The Black Collar Crime Series relies on public news stories and publicly available information for its content. If any incorrect information is found, please contact Bruce Gerencser. Nothing in this post should be construed as an accusation of guilt. Those accused of crimes are innocent until proven guilty.
In 2018, Sharon Windey was accused of abusing and neglecting her adopted children. Her husband, Donald, and their biological son Steven, were also charged for their part in the abuse.
A De Pere woman and former Wisconsin State Trooper has been charged with several counts of child abuse and neglect of her adopted children. The abuse allegedly went on for over a decade despite reports to police and officials.
Sharon Windey, 54, appeared in Brown County court Thursday on charges of physical abuse of a child; strangulation and suffocation; battery; child neglect; and mental harm to a child.
A 42-page criminal complaint obtained by Action 2 News details years of emotional, physical, and mental abuse inside the Windey home.
The complaint states the investigation found “overwhelming” confirmation that since 2006, there have been Child Protective Services referrals, police contacts and reports from school officials about the three children being victims of physical abuse, mental abuse, child neglect and inappropriate sexual contact in the home on Sullivan Street.
On Feb. 12, 2018, De Pere Police assigned a sergeant to investigate reports of possible abuse at the home where the children lived with Sharon Windey, her husband Donald Windey, and the couple’s 25-year-old son Steven Windey. One of the kids described Steven as a “third parent.”
Investigators started interviewing the three adopted children–a girl aged 15; a girl aged 14; and a boy aged 15.
The kids described being punched, choked, spanked, thrown against a wall, hair pulling, food punishment and exercise punishment.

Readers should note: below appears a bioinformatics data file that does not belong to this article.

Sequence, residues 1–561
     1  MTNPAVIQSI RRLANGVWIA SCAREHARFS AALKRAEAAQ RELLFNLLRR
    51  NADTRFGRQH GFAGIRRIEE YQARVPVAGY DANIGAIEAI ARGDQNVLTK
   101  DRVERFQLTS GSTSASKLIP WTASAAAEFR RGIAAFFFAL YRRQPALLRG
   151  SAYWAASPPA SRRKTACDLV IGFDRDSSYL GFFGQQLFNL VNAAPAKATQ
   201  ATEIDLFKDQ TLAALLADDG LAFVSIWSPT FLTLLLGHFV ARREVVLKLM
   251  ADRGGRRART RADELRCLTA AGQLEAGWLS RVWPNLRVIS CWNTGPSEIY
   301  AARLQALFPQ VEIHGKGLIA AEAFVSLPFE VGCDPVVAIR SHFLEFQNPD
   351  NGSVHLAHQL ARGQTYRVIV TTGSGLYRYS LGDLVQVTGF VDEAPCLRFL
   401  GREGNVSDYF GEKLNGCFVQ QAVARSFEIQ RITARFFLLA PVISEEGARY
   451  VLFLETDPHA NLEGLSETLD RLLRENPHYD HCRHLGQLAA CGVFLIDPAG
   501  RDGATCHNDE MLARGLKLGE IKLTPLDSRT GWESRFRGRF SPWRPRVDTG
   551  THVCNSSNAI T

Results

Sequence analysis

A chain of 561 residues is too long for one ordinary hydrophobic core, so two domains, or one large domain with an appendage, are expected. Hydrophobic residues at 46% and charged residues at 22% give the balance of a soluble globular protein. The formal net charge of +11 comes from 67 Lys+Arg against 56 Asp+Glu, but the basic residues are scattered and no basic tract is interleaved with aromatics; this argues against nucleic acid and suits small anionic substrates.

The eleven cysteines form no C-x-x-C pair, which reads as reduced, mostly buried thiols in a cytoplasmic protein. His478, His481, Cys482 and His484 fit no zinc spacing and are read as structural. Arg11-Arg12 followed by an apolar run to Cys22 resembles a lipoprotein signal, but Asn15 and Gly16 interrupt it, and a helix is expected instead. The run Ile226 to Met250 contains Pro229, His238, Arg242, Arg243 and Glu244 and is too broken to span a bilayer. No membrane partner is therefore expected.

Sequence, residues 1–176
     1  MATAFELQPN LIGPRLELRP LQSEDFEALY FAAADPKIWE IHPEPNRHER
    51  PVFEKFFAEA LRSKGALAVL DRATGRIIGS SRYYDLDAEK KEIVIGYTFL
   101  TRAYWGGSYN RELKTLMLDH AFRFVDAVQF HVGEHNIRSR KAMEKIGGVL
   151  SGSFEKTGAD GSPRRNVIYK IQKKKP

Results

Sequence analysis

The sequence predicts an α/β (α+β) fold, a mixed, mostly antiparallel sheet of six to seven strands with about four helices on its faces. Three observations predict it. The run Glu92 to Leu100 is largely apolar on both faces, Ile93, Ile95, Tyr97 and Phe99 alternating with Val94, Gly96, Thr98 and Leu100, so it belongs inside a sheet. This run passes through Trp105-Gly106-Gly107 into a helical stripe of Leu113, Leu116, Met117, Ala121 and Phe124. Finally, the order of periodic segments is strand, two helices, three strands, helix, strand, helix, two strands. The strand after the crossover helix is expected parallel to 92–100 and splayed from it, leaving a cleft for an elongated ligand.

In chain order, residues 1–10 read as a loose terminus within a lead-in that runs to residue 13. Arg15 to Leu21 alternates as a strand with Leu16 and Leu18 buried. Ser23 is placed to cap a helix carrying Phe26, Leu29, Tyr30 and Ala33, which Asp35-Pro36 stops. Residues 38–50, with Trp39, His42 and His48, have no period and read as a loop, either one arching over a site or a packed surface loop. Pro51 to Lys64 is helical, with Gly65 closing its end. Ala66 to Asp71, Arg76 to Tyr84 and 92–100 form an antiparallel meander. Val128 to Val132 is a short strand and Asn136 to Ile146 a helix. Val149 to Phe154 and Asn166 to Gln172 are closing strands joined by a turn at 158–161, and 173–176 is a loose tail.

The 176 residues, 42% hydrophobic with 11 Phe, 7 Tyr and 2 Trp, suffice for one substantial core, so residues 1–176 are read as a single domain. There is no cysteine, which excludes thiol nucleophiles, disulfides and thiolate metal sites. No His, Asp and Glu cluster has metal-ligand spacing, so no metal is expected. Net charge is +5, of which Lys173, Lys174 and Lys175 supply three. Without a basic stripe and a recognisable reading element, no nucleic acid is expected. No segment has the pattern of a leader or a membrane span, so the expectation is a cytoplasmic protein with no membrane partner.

Both girls said the parents used “excessive feedings of oatmeal” as a punishment. The boy once threw up the oatmeal and the father “made him eat his own vomit and the oatmeal,” reads the complaint. The father told the boy “people were dying in Africa and he needed to eat the puke and oatmeal.”
One of the girls described locks on the freezer, cabinet and pantry.
One girl told investigators that her dad would make her sit on his lap and he would kiss her on the lips. She said he would also touch or grab the girls in other places on their bodies.
She also talked about a punishment in which the kids were forced to strip down to their underwear and kneel in front of a fireplace.
The kids described a shower punishment. If they took a shower longer than seven minutes, they would have to pay money for every minute they go over.
One of the girls said the parents are “very careful” to try not to leave visible marks on them.
The boy described the parents as “delusional … religious freaks.” The boy said his dad hears his guardian angel who tells him what to do.
“They are outgoing and they try to put up the facade of being the perfect family outside of our house,” the boy told investigators. “They will scare us with punishments. They will take things out of our room. For being disrespectful, they will hit them; slap them across the face and stuff. The hitting has happened multiple times.”